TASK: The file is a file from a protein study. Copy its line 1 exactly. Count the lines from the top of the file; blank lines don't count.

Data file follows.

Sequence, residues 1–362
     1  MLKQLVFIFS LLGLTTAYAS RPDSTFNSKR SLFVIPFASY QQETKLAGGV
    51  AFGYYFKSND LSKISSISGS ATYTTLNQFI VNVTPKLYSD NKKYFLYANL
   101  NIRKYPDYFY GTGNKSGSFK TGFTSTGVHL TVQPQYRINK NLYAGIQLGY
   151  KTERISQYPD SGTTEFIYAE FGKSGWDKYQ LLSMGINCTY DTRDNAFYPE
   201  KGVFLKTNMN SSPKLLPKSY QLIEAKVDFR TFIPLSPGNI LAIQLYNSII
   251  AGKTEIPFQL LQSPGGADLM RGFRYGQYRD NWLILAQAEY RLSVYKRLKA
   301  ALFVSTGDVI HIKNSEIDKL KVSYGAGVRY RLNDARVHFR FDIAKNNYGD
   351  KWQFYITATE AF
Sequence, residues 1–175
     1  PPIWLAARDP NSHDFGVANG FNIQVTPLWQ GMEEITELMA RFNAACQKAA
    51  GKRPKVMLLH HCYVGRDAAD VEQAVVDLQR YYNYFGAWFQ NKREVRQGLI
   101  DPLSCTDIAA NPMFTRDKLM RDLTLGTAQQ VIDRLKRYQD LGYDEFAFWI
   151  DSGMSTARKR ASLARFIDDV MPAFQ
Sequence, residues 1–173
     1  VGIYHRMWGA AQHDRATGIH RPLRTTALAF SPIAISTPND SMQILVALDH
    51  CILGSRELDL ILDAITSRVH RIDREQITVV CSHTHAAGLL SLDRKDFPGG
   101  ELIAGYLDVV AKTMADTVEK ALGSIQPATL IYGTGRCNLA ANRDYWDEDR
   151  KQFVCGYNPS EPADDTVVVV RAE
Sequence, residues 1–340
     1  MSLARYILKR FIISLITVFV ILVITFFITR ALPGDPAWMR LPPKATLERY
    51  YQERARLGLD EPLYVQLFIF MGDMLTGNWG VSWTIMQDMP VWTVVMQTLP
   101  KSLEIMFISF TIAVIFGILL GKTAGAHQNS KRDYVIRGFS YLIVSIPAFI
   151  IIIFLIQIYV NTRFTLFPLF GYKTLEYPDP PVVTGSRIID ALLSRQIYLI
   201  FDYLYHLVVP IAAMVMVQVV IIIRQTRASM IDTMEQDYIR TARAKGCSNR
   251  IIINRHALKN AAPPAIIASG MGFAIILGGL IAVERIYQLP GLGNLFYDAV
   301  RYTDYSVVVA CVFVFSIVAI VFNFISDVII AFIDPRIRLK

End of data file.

Sequence, residues 1–362